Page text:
(I’ve seen a note on this page that blithely states that “you can store onigiri refrigerated for up to a week”. No you can not! Please, use common sense and be safe not sorry. )

Other questions

  • Can I use sweet fillings for onigiri? Fundamentally you can use anything you like - it’s your food! However, in Japan if you make a ball of rice (which is often sweetened itself, and pounded partly or fully to a sticky paste or dough) and filled with something sweet it becomes confectionery or wagashi. Some wagashi that take the rice-with-sweet-filling form include daifuku, mochi of various kinds, yatsuhashi and so on. The wagashi that’s closest to the idea of a sweet onigiri is probably ohagi or botamochi, glutinous rice “onigiri” of sorts which are filled, covered or both with sweet bean paste, kinako (toasted soy bean powder), sesame seeds and so on. So, to Japanese sensibilities an onigiri is something savory, not sweet.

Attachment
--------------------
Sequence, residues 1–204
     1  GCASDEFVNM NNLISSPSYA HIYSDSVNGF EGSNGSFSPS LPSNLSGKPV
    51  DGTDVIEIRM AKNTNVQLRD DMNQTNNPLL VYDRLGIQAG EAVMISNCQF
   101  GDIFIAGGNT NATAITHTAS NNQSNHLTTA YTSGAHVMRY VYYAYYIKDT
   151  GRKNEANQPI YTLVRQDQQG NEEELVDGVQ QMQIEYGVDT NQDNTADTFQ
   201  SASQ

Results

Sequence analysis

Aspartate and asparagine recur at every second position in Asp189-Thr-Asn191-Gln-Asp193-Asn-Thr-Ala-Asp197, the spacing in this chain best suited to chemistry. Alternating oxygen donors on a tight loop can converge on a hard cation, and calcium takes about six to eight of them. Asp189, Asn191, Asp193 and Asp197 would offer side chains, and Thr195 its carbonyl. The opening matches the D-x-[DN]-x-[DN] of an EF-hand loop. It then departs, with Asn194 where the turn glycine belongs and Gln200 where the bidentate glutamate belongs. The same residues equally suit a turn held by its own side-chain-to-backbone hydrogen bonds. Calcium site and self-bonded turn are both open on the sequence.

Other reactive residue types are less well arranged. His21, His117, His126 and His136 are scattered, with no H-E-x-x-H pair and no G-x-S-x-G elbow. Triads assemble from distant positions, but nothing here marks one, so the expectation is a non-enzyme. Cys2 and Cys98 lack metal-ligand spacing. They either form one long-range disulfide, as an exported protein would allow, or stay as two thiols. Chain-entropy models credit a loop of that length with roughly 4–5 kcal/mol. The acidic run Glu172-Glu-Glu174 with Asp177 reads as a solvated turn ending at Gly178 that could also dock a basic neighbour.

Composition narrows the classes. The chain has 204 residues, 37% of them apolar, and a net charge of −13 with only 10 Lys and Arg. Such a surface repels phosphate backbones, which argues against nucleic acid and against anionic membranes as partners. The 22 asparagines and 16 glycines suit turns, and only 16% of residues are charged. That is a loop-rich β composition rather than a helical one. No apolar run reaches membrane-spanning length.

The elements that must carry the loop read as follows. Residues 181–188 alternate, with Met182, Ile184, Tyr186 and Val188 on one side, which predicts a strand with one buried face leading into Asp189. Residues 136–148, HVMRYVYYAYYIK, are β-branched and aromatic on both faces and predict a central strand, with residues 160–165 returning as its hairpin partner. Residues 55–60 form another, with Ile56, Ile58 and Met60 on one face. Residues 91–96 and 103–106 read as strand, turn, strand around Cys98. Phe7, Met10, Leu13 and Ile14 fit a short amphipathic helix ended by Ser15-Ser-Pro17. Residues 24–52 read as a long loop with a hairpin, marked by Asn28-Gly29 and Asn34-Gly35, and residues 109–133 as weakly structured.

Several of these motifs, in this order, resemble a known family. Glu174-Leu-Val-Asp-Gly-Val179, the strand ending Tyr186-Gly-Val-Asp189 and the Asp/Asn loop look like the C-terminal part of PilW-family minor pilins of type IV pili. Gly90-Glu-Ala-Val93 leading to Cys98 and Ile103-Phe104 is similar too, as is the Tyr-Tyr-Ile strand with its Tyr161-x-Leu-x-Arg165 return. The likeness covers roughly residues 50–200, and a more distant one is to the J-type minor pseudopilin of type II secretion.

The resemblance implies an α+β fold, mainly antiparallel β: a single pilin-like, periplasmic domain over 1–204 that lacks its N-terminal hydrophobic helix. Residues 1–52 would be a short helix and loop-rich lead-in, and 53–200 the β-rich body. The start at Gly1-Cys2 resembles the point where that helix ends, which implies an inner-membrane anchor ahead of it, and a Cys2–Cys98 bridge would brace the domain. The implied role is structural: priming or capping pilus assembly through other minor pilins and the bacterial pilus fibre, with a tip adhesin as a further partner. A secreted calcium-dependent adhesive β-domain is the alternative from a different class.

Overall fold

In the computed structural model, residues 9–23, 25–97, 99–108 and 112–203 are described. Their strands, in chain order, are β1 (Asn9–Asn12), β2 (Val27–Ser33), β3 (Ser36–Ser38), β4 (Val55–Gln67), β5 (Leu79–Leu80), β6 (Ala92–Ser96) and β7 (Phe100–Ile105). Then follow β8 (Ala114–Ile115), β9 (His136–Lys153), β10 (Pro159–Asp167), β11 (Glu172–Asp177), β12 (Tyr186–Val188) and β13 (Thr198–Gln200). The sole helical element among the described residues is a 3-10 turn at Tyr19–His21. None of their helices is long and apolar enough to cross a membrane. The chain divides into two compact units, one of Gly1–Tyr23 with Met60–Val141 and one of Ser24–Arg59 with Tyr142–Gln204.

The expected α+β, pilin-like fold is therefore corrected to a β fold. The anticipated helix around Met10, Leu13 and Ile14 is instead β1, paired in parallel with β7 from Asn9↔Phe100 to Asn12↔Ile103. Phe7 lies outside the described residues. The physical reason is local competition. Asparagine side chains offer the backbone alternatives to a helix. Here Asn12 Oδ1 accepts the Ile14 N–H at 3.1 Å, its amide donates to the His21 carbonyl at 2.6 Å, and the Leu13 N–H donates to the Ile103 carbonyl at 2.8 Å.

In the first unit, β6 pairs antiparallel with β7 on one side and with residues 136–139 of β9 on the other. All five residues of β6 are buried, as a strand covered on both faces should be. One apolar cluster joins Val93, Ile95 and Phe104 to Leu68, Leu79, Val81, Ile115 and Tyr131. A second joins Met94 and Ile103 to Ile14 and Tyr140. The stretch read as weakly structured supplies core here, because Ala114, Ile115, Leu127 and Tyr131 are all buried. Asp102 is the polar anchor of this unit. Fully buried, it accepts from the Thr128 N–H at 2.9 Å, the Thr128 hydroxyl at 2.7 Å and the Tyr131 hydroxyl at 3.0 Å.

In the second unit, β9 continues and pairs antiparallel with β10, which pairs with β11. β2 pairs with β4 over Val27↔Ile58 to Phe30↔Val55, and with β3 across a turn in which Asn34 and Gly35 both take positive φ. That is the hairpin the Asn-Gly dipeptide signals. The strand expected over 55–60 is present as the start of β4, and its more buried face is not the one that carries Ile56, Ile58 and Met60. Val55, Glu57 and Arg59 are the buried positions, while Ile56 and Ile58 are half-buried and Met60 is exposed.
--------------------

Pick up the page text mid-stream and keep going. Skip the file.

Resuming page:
• What’s the difference between sushi and onigiri? Again it’s a matter of how things are normally categorized in Japanese cooking, but generally speaking anything made with vinegar flavored rice, or sushi rice (sushi meshi or shari) iis sushi. So you could make an onigiri-shaped item with shari, and call it an onigiri, but if a Japanese person ate it s/he would probably think it’s sushi in an onigiri shape. Nigiri-zushi, the best known sushi shape with a little ball of rice topped with fish or something else, is sushi that has been shaped with the hands (nigiru) - the same word that forms part of the word onigiri.

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Re: The Onigiri (Omusubi) FAQ